Should I leave my current career to teach?

Discussion in 'General Education' started by bsum, Jul 23, 2010.

  1. bsum

    bsum Rookie

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    Jul 23, 2010

    Hello all,

    Has anyone else ever left behind another career to pursue teaching? While I certainly understand that this is a personal decision I must ultimately make myself, I was curious if anyone had any thoughts on this or have actually changed careers over to teaching and have any advice on the process.

    I'm currently a manager in an insurance claims office (7 years now) and the work has grown quite boring. The reason I'm thinking of teaching is that the part of the job I enjoy the most is coaching and teaching new employees. While I understand this is not identical to teaching in a school setting, I really do like the feeling I get from helping someone understand a new concept. I would be taking the alternative teacher certification (Texas) route.

    Thanks for any thoughts!
     
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  3. heymiss

    heymiss Comrade

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    Jul 23, 2010

    I'm a career changer, too, and I did an alternative certification program in Texas. Which program are you thinking of using?

    It's harder to get your foot in the door for that first year of teaching as an alt. candidate, but once you've completed the first year and have your standard, it doesn't really matter how you obtained your certificate.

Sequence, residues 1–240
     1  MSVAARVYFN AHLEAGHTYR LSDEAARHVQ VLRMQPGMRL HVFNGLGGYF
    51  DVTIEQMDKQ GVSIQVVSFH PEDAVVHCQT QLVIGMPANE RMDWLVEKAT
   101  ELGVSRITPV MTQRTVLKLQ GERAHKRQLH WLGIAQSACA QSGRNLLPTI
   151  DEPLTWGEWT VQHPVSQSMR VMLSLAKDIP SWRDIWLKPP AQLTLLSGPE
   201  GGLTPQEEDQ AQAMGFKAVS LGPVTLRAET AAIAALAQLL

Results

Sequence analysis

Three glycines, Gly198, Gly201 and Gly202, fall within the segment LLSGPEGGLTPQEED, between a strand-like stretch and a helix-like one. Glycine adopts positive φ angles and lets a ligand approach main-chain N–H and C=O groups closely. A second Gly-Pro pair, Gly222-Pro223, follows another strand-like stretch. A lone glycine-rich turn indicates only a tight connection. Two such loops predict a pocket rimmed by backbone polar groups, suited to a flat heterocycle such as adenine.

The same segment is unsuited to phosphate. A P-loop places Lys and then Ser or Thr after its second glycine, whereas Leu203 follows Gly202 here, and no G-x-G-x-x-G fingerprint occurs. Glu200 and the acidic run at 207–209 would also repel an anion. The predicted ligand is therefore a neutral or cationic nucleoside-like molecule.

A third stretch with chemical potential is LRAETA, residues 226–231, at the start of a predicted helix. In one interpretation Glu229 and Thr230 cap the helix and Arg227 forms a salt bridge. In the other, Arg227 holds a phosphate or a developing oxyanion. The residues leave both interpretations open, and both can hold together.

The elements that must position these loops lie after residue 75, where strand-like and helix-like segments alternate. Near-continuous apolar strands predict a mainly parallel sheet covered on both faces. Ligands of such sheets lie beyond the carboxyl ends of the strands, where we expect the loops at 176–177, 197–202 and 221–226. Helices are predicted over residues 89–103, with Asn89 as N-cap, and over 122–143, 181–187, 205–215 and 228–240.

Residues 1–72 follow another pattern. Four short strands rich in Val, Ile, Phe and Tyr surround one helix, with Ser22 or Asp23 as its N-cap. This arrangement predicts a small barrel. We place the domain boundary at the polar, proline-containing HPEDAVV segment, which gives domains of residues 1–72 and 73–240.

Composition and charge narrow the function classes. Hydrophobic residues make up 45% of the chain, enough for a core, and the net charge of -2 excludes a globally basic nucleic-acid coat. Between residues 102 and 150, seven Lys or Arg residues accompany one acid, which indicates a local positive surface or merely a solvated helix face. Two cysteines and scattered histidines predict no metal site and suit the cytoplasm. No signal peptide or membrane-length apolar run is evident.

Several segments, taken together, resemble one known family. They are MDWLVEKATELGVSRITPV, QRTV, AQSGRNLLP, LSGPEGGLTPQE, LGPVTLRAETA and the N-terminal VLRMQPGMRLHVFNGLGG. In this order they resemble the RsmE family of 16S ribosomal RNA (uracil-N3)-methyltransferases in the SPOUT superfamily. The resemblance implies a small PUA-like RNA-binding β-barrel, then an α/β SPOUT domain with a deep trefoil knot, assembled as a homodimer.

It's difficult to find teaching jobs just about anywhere these days, and schools do prefer teachers with some experience (even just student teaching) over an alternative candidate with no experience. It's not unusual to work at a charter school your first year with the hopes of moving to an ISD later on.
     
  4. heymiss

    heymiss Comrade

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    Jul 23, 2010

    Oh, I should probably mention that I am WAY more satisfied and fulfilled with my teaching career than I was when I was an office manager. Even on the really difficult, stressful days, it's fun to be around the kids and know that what you do really matters.

    I had the mother of a special ed student stop me in the hall and thank me for working with her child last year. She said, "I don't know what you did, but my daughter has made more progress this year than she ever has with any other teacher." That's why we do what we do.
     
  5. tb71

    tb71 Cohort

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    Jul 23, 2010

    I did this. I just finished my 1st year of teaching. Before I was teaching I was an office manager for 8 yrs.
    A few things to consider, make sure you get into a good ACP program, I used Region IV. I have heard of a few others out there and I'm not sure of the cost difference but Region IV was great, very supportive. With region IV you have a choice of being a student teacher for 12wks or teaching with a probationary cert the first year. I was lucky and got a job and was able to teach with the prob. cert. However, my job is 42 miles from my house. This year I applied to several schools and I got a few interviews but it just didn't work out. I will be going back to the same school as last year, which I do love the people I work with I just wish it was closer. I have heard that it's been harder the last couple of years to get a position. Overall, I am very glad I did it.
     
  6. bsum

    bsum Rookie

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    Thanks for the reply.
    Actually I could use a recommendation for a good alt program as well. There seems to be so many!

    I wasn't aware that it's difficult to find a teaching job right now. I certainly need to factor that into the decision. I thought I had read somewhere that alot of teachers were retiring (boomers I guess) and new teachers were in demand but you can't believe everything you read obviously.
     
  7. heymiss

    heymiss Comrade

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    Jul 23, 2010

    I just sent you a PM with my opinions on ACPs.